• Influence the Welsh Government through a robust consultation process in relation to the drafting and implementation of a new Scrap Metal Act (UK) and Horses Act (Wales) that is likely to have a profound effect upon the GRT community;
  • Support an EU project, led by Dr Andrew Ryder (Corvinus University, Budapest), to survey Welsh Gypsy, Roma and Traveller views on the current Welsh National Roma Integration Strategy, 2014 to 2020, for the EU;
  • We have used funding to train individual GRT community members as key advocates who can influence developments affecting GRT communities in Wales – our “Community Champions” programme. These people have taken the lead in a variety of initiatives and advocacy activities at local and national levels;
  • RCAC has managed funds from a local donor to research the NEETS (Not In Education, Employment or Training) phenomenon in relation to the Gypsy, Roma and Traveller communities in Wales. We have commissioned a trained researcher to work alongside our Community Champions to examine the questions of early leaving (‘drop out’) from school and the significant differences in educational attainment, between the majority community and Gypsy, Roma, Traveller children and young adults.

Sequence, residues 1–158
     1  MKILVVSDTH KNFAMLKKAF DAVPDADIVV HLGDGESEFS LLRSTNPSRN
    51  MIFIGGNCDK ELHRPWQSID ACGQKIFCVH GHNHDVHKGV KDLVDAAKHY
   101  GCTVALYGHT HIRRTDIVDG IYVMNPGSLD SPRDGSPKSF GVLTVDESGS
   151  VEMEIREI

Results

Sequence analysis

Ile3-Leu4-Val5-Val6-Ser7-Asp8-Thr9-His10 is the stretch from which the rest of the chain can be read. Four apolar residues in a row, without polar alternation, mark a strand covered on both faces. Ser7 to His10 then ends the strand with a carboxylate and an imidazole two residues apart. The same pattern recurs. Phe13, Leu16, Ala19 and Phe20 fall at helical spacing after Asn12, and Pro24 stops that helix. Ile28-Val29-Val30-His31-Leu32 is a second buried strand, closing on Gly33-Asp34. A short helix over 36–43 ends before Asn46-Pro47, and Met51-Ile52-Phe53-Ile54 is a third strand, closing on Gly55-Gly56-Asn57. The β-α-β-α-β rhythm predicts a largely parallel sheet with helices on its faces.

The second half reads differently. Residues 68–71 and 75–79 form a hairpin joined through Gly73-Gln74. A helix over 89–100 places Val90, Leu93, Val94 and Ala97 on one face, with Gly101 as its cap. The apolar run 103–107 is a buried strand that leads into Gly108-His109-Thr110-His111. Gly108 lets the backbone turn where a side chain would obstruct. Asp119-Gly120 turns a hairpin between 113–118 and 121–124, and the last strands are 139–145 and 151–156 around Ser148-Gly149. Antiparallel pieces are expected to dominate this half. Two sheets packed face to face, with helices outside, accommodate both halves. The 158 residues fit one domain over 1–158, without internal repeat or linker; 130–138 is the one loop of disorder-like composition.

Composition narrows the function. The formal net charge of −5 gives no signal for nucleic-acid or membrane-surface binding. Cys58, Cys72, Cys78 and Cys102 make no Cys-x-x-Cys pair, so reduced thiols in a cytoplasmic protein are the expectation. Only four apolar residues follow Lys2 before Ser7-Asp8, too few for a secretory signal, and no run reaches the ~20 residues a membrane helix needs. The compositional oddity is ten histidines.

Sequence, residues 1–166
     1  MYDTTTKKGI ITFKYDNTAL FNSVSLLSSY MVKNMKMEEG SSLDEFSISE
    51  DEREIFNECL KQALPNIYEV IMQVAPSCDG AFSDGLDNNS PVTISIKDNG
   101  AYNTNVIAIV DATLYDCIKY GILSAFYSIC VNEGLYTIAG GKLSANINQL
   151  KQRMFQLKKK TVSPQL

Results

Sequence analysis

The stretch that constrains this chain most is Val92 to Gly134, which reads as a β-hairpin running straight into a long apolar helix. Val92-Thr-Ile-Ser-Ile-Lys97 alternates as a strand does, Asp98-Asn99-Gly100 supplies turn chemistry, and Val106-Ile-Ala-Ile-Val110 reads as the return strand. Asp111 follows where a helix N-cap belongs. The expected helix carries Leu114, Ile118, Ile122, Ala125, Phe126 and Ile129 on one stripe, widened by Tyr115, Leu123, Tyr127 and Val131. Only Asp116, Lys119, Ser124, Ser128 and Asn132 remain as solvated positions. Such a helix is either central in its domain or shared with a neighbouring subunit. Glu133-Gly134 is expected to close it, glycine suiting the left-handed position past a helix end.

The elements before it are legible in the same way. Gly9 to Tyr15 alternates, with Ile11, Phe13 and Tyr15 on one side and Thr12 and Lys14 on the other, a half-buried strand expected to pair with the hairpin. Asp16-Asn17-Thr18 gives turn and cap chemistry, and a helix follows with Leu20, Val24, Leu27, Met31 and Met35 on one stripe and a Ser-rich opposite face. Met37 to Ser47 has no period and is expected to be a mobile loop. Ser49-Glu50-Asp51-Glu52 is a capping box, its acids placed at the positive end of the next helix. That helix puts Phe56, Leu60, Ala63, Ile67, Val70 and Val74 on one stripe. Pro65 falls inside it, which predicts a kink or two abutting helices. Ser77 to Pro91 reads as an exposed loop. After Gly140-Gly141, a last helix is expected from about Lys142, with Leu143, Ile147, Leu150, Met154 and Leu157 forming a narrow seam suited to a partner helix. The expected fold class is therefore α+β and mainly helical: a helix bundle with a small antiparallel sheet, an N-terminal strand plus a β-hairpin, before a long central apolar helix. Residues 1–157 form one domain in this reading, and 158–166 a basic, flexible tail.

Our organisation was founded in September 2009, initially using small grants to develop work with GRT children aged 3-16, in the area of South East Wales, where we began working on Gypsy and Traveller caravan sites and with housed Roma families. We have gradually built up our position as a leader in “best practise” with our community-centred approach to arts and advocacy workshops for GRT children and young people.

Why is the work of the Romani Cultural and Arts Company needed?